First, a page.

Dear C.S. Lewis,

When I was small, chapter books tended to stay black and white.  I liked picture books with great detail; I thought they were the work of an artist which I strived to be, one day.  Without pictures, a book was just meaningless words on paper.  For me, it seemed crazy that any author would choose to not include pictures in a story.  I had read many chapter books and understood them well, but they were just the most boring things in the universe.  My parents and teachers kept saying,  “use your imagination.”  I knew that I had an imagination, for just about everyone does, but somehow I just couldn’t activate it.

I was assigned to read The Magician’s Nephew in third grade.  My teacher told my classmates and me to read chapters one through five.  That night, I started reading and for the first couple of pages I thought the same thing: boring.  But as I read further, the story came alive, and I had a crisp image of the row of houses; I could even see the painful emotion Diggory had on his grubby face.  It was as if those boring black and white pages turned into precious artworks in my mind.  I was sucked from the boring farm in Kansas to the magical land of Oz.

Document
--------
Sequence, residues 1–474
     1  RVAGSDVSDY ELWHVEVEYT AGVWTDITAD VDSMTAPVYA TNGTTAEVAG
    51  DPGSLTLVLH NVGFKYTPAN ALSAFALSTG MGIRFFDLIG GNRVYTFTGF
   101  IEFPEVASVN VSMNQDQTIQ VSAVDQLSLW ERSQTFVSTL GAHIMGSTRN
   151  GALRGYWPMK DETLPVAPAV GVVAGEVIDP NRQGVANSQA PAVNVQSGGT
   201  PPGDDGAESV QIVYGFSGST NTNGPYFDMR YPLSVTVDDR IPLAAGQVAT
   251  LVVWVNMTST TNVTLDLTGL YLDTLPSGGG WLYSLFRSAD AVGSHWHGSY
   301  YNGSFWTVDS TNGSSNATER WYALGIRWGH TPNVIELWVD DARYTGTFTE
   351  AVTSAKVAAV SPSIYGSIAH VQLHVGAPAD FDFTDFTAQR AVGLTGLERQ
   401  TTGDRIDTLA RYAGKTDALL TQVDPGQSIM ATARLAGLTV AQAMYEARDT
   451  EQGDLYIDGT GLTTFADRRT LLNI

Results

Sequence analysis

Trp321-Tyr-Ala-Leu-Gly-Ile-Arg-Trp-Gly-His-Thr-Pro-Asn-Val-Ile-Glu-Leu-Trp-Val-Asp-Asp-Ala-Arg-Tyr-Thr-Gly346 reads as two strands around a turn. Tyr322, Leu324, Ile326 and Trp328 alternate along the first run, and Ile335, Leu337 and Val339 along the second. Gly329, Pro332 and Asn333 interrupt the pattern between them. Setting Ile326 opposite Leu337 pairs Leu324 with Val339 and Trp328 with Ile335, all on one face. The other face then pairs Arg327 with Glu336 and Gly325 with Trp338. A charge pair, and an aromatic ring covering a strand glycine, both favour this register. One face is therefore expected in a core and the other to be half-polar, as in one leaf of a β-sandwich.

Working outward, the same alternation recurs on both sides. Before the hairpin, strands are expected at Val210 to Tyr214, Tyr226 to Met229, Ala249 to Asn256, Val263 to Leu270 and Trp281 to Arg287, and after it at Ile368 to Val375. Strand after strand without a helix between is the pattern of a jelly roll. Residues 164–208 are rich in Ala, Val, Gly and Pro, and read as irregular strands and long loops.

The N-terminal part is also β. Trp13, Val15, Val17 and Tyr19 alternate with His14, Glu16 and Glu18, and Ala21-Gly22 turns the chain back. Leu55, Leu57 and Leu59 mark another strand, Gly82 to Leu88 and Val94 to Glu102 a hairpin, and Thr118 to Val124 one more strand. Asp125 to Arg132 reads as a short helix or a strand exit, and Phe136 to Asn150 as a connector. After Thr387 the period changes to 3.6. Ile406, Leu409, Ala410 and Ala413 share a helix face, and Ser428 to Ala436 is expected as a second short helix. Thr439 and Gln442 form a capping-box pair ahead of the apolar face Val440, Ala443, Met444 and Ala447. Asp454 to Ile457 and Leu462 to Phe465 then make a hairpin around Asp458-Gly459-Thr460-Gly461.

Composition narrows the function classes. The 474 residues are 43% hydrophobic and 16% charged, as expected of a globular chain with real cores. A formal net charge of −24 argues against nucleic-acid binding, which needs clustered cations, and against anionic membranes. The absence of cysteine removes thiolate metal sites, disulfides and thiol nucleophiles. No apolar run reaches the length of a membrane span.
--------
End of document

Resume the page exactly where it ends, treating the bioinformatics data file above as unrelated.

Having this new imagination, I thought about things differently.  A picture book does have wonderful and magical illustrations, but you can never really make them your own.  The pictures you see make you have a definite image of what the story looks like without having any freedom to imagine it yourself, which is really the fun part of reading.  On the other hand, a chapter book lets you make the story your own, it lets you imagine the story how you want to imagine it, and you illustrate the book in your mind.

At first, I thought that it was you who had painted the wonderful illustrations in my mind, but I soon realized that I was the artist.  People think that to be an artist, you must be good at drawing or painting but I soon found out that you don’t.  I realized that art is many things.  For example, this writing that I am typing right now is art.  When chapter books were black and white, I thought that I would never be an artist, for I could barely draw a stick figure.  Your book improved my drawings.  Instead of basing my drawings off of things that already existed, I created my own story to draw on the crisp, white piece of paper.  It taught me that I didn’t have to be a painter, I could be a sculptor, a writer, a poet, or any other type of artist.  Most of all, your book showed me that imagination is the key to literature.

Sincerely,
Maxwell Brenneman